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Table of Contents
Year : 2013  |  Volume : 16  |  Issue : 1  |  Page : 61-62
Megaesophagus: A challenge for anesthesiologists

Department of Anaesthesiology, SGPGIMS, Lucknow, India

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Date of Web Publication2-Jan-2013

How to cite this article:
Tewari P, Gupta D. Megaesophagus: A challenge for anesthesiologists. Ann Card Anaesth 2013;16:61-2

How to cite this URL:
Tewari P, Gupta D. Megaesophagus: A challenge for anesthesiologists. Ann Card Anaesth [serial online] 2013 [cited 2021 Jan 24];16:61-2. Available from:

A fifty-nine-year male farmer presented with a history of low grade dysphagia, both for solids and liquids for twenty-five years that progressively increased in severity. He had lost weight significantly in recent years and developed spontaneous regurgitation of liquids and food content, heart burn, chest pain after eating and cough. Chest X-ray (PA-view) showed a large curvilinear, radio-opaque density lesion occupying medial 2/3 rd of right hemi thorax with Ryle's tube within the shadow suggesting a large dilated esophagus [Figure 1]. This was not silhouetting the right cardiac border suggesting posterior mediastinal mass; moreover, there was no mediastinal shift. Barium swallow confirmed achalasia-cardia with huge, more than 10 cm in diameter, pouch of esophagus with lower constricted part. The patient did not show any cardiac compromise but lung function tests showed reduced inspiratory and forced vital capacity (60%) and borderline Peak Expiratory Flow Rate (70%). The laboratory investigations were within normal limits. He was planned for transhiatal esophagectomy (THO) with cervical esophago-gastrotomy (OG) and feeding jejunostomy (FJ). He was given one week of rigorous chest physiotherapy under guidance of professional therapists.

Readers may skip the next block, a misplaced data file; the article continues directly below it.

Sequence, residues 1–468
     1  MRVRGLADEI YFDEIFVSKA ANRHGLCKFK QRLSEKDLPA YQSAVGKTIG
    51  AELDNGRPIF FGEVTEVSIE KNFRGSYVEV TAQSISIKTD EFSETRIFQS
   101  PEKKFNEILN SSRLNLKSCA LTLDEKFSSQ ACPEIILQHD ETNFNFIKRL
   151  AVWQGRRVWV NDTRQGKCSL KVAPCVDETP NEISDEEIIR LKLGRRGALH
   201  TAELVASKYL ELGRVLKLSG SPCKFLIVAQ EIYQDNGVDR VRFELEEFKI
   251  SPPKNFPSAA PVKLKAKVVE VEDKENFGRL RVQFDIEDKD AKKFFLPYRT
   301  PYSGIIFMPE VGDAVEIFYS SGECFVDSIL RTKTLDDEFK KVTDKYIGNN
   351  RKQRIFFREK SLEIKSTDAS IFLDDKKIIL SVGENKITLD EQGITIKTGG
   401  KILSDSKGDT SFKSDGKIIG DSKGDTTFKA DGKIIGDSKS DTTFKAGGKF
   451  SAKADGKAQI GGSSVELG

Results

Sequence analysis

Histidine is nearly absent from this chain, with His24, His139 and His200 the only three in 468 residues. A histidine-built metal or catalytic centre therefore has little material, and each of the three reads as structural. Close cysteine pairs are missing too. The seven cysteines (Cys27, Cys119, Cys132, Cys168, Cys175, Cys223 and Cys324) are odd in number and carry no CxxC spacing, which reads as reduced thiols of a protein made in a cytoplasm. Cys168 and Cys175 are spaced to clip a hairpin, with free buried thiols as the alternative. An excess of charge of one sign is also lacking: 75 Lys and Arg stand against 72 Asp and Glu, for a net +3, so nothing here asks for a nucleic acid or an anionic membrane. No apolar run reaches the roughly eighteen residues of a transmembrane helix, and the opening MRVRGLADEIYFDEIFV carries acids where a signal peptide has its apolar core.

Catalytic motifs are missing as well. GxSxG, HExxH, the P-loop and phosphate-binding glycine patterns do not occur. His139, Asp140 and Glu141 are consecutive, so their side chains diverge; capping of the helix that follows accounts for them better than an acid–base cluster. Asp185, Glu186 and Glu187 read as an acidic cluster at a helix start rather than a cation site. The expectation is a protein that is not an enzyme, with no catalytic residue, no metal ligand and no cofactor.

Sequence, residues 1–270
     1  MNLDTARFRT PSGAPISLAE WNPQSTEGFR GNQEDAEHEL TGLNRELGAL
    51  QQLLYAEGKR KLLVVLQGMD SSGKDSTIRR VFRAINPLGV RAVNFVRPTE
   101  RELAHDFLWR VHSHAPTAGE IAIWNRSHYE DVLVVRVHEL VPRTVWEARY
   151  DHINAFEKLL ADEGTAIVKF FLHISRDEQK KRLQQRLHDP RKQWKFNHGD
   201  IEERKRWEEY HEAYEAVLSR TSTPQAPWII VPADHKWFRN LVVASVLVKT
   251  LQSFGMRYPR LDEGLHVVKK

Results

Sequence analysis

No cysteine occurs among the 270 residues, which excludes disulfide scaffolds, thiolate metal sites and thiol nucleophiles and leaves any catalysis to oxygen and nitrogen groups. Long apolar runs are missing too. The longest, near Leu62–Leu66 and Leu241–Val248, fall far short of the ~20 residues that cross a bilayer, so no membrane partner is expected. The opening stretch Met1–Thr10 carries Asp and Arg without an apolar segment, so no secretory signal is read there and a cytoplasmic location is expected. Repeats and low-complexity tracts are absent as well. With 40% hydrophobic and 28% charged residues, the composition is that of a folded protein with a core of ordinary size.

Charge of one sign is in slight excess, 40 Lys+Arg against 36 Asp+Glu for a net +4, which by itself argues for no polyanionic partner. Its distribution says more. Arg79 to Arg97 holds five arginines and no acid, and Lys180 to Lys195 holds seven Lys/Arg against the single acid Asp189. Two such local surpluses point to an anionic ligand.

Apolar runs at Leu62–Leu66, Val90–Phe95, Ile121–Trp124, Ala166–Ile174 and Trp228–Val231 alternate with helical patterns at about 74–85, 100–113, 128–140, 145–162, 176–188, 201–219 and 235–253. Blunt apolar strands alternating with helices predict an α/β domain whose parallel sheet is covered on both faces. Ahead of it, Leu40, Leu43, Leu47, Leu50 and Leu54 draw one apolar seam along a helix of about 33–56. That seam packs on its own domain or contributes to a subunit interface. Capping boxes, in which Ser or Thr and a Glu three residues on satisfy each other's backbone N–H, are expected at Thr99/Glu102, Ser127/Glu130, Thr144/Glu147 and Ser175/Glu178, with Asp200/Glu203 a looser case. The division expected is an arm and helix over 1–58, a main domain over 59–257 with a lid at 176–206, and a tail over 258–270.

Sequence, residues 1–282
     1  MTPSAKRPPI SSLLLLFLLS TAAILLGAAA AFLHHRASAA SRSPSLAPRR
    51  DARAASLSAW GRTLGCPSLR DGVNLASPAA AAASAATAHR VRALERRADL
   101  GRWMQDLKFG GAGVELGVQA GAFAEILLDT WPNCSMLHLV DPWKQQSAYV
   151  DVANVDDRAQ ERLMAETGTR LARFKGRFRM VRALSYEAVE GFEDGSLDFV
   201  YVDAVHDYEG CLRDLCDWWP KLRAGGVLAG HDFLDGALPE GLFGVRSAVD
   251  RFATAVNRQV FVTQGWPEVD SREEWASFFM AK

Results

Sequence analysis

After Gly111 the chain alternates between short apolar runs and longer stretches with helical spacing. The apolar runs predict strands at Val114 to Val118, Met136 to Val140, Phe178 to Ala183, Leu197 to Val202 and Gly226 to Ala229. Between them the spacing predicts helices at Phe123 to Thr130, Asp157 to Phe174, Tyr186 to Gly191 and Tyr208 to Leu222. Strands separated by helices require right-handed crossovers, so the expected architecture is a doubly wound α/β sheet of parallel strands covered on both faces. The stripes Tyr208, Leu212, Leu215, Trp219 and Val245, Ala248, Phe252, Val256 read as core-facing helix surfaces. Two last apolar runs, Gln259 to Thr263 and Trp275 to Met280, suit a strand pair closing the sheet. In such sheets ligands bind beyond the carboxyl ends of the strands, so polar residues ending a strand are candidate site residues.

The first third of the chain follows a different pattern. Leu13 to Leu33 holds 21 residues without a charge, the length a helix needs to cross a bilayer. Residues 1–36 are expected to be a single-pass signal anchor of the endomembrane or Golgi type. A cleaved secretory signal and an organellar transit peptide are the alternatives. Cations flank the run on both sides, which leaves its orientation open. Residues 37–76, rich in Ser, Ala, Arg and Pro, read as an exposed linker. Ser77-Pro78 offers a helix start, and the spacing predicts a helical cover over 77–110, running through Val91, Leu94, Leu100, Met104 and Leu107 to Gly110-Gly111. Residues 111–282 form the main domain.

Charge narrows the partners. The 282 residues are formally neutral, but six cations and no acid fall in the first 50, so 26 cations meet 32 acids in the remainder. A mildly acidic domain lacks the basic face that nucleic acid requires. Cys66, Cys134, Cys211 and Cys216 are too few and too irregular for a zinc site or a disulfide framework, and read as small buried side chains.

Figure 1: X-ray chest (Postero-Anterior view) showing a large sigmoid shaped shadow of megoesohagus on the right side (border marked with arrows). Naso-gastric tube is shown with normal cardiac and lung shadows

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In the operating room after placing the patient on the operation table, a 14 F Ryle's tube was placed into dilated esophageal pouch and 750 ml of fluid mixed with food content was suctioned out and a lavage with normal saline was done. Thereafter, an epidural catheter was placed at T 10- T 11 interspace for post-operative pain relief. After 100% O 2 inhalation for 3 minutes, rapid sequence anaesthetic induction was achieved with intravenous fentanyl 5 μg/Kg and induction dose of thiopentone sodium. Cricoid pressure was continuously applied and succinylcholine 100 mg was given for muscle relaxation. Endotracheal intubation was done and the cuff was inflated and only then cricoid pressure was released. Anesthesia was maintained with propofol and fentanyl infusion and rocuronium for muscle relaxation. Intra-arterial line and a triple lumen central venous catheter (right internal jugular vein) was inserted and invasive arterial and central venous pressures were monitored. During transhiatal surgical manipulation of mediastinal esophagus significant ventricular arrhythmias occurred which were treated with a bolus of lignocaine and then with an infusion of amiodarone. Airway pressure also varied significantly during mediastinal manipulation of esophagus sometimes compromising ventilation. The operating surgeon was informed of ventilatory compromise and were asked to manipulate gently so as not to compromise ventilation. Arterial blood gases, acid base, Na + , K + and lactate were measured at 30 minutes intervals and any abnormality detected was corrected. Total blood loss was about 600 ml. After excision of native esophagus, thorough mediastinal lavage was done and stomach pouch was pulled up and anastomosed with cervical esophagus. Bilateral chest drains and abdominal drains were inserted. In view of long duration of surgery, hypothermia and many episodes of intra-operative hemodynamic instability, the patient was electively ventilated overnight and weaned off next postoperative day. Nutrition was maintained through a feeding jejunostomy. On 9 th postoperative day he developed respiratory distress due to massive left sided pleural effusion, which was drained. Patient was discharged to follow up on 12 th postoperative day.